Dragons also take refuge in Amida Buddha. The dragons are proud of their role as defenders of the Dharma. They roar around on their motorbikes and scare off ghosts, demons and anyone who seems to represent a threat. However, all these threats only exist in the relative world of conditions. Amida is the Buddha of infinite light, which means that he appears everywhere, and of limitless life, which means that he will exist throughout time. Therefore, on the one hand, he is invulnerable, yet, on the other hand, there are innumerable opportunities to protect, cherish and worship him. In the same way, the nembutsu reverberates through time and space whether we chant it or not, but this means that there are a limitless number of opportunities for us to join in. Refuge, therefore, is practice and all forms of practice are refuge, and this is a cause for rejoicing and gratitude. Prostrating to the Buddhas enables them to insert the Dharma seed into our hearts, but each being prostrates in their own way accordong to their nature. The seed in the heart of a dragon may emerge as fire. Since they are dedicated to the Dharma, dragons take refuge naturally. As this is so we do not need to be afraid of them - they are our brothers and sisters.
The Sutra on the Contemplation of the Buddha Amitayus
NOTE: The famous “Sutra on the Contemplation of Buddha Amitayus” (or simply, “Contemplation Sutra”) is revered as canonical by all Pure Land Buddhists, and is one of the Three Sutras of Pure Land Buddhism, the others being the Larger Sukhavati-vyuha Sutra and the Smaller Sukhavati-vyuha Sutra. In the Contemplation Sutra, the Nembutsu (Namo Amida Butsu) is specifically proclaimed as the avenue to liberation of suffering beings from samsara. This English translation by J. Takakusu published originally as vol. XLIX of The Sacred Books of the East series (Oxford, 1894, public domain) has been edited for ease of reading and comprehension by modern readers. Footnotes from the original edition are dated and have thus been eliminated. A reprint of the unaltered and fully annotated translation exists in Dover paperback.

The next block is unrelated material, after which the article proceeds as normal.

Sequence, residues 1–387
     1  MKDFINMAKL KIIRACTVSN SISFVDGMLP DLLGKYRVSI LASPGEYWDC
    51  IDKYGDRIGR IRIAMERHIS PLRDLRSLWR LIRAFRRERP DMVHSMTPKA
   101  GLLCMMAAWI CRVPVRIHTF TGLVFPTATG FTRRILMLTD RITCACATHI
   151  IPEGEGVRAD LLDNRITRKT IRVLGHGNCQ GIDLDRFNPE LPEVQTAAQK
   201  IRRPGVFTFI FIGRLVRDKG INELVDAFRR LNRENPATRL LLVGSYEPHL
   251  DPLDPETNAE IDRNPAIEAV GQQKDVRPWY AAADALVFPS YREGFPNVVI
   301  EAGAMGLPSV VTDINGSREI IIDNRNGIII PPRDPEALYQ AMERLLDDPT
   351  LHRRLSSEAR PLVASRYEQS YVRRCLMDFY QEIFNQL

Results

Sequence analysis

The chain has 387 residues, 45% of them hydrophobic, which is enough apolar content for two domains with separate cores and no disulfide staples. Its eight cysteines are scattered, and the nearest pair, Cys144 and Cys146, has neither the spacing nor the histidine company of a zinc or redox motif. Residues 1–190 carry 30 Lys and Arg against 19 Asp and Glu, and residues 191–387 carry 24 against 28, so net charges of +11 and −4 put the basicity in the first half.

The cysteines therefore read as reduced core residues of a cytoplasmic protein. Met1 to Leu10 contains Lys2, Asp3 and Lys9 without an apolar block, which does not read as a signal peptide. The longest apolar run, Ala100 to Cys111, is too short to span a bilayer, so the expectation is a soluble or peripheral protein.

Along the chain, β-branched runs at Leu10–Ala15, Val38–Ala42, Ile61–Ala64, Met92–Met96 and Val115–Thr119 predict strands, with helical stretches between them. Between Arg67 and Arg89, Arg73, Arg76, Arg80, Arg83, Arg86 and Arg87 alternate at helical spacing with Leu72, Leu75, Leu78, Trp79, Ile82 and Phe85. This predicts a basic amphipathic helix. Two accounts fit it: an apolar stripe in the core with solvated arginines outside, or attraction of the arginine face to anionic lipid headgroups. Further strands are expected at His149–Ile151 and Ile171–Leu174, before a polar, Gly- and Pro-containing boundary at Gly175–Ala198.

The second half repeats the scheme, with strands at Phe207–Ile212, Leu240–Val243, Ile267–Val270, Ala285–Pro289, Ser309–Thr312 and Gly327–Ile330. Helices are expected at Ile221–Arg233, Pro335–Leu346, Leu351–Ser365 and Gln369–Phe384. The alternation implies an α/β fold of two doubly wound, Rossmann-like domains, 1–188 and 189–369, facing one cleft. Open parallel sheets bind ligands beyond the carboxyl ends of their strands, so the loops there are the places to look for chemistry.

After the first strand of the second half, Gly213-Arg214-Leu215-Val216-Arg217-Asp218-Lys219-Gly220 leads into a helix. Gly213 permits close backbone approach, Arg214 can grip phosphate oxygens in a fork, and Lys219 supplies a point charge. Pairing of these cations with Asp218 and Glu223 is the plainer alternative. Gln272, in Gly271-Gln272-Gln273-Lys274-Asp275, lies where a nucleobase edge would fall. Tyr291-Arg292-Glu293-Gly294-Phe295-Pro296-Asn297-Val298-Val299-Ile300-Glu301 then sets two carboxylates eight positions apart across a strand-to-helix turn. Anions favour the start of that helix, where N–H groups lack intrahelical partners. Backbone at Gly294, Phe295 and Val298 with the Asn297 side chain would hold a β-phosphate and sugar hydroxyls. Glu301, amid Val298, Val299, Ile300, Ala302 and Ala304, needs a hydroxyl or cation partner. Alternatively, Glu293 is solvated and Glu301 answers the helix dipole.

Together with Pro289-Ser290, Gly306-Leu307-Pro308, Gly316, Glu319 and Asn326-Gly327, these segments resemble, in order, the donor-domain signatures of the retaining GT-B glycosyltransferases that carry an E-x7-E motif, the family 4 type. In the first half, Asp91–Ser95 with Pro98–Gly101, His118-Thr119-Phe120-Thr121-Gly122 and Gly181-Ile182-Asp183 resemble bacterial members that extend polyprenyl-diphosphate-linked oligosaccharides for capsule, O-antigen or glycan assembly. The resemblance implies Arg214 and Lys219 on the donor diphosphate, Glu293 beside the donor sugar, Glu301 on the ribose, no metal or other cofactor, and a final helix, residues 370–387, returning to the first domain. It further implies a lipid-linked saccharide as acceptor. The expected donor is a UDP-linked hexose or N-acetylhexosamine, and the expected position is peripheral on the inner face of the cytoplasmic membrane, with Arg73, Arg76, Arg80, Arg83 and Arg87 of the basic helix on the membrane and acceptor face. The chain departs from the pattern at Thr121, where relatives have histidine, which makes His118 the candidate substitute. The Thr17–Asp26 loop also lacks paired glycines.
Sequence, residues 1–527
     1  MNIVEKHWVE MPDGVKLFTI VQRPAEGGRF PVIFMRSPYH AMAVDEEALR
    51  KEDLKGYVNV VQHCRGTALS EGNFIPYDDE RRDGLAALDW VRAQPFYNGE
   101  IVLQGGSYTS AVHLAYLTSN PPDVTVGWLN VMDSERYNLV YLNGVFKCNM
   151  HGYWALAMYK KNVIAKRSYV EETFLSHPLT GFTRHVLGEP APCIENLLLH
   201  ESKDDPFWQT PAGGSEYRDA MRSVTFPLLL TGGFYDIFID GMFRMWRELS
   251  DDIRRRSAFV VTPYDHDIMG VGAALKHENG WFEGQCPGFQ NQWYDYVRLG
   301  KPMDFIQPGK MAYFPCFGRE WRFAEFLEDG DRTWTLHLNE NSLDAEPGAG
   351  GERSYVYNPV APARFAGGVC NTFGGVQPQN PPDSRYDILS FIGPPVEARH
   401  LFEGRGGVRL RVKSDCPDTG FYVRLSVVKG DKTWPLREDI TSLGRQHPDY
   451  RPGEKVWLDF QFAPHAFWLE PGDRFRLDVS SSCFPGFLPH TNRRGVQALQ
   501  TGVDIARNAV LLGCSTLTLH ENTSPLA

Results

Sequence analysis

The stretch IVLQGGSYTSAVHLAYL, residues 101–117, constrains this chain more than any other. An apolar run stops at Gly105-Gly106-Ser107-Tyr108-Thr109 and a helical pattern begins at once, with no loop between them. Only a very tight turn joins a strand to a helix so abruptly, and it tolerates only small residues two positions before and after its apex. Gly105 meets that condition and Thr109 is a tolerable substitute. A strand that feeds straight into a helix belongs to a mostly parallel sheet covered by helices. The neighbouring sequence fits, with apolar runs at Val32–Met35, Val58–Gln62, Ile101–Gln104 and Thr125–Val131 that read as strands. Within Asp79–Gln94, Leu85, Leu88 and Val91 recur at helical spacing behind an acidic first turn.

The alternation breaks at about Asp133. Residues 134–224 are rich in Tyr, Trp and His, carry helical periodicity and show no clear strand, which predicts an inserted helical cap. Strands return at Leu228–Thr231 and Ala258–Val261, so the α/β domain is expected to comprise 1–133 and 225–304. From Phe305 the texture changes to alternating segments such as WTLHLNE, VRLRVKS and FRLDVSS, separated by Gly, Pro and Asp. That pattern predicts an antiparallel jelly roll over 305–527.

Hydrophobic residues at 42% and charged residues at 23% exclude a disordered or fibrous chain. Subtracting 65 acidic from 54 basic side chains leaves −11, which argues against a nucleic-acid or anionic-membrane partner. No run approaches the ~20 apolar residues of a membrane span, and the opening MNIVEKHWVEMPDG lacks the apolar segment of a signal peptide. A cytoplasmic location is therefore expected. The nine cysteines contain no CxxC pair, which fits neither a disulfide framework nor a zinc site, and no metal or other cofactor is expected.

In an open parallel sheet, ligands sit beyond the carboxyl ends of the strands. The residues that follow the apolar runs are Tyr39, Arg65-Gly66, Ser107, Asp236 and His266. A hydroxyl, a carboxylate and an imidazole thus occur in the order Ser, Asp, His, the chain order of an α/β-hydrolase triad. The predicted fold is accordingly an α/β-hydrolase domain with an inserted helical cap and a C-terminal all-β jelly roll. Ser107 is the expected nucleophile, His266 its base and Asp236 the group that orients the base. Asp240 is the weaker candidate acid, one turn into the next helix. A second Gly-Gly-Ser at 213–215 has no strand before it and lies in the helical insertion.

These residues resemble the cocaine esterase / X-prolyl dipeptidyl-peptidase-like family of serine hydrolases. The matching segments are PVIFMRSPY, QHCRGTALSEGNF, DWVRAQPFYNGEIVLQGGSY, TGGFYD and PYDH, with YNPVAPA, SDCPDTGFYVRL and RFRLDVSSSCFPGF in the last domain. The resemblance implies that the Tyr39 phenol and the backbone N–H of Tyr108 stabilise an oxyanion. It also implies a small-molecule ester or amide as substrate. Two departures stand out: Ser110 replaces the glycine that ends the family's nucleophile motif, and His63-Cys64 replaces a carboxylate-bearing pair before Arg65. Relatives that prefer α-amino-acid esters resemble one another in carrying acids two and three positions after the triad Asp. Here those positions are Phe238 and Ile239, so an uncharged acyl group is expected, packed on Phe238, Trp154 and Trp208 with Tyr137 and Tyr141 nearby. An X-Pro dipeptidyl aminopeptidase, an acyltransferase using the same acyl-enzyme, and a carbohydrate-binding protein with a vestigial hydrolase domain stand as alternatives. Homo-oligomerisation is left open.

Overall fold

1. Thus have I heard: At one time the Buddha dwelt in Rajagriha, on Vulture Peak, with a large assembly of Bhikkhus and with thirty-two thousand Bodhisattvas, with Manjushri the Dharma-Prince at the head of the assembly.
2. At that time, in the great city of Rajagriha there was a prince, the heir-apparent, named Ajatasatru. He listened to the wicked counsel of Devadatta and other friends and forcibly arrested Bimbisara his father, the king, and shut him up by himself in a room with seven walls, proclaiming to all the courtiers that no one should approach (the king). The chief consort of the king, Vaidehi by name, was true and faithful to her lord, the king. She supported him in this way: having purified herself by bathing and washing, she anointed her body with honey and ghee mixed with corn-flour, and she concealed the juice of grapes in the various garlands she wore in order to give him food without being noticed by the warder. As she stole in and made an offering to him, he was able to eat the flour and to drink the juice of grapes. Then he called for water and rinsed his mouth. That done, the king stretched forth his folded hands towards Vulture Peak and duly and respectfully made obeisance to the World-Honored One, who at that time was living there. And he uttered the following prayer: ‘Mahamaudgalyayana is my friend and relative; let him, I pray, feel compassion towards me, and come and communicate to me the eight prohibitive precepts of the Buddha.’ On this, Mahamaudgalyayana at once appeared before the king, coming with a speed equal to the flight of a falcon or an eagle, and communicated to him the eight precepts.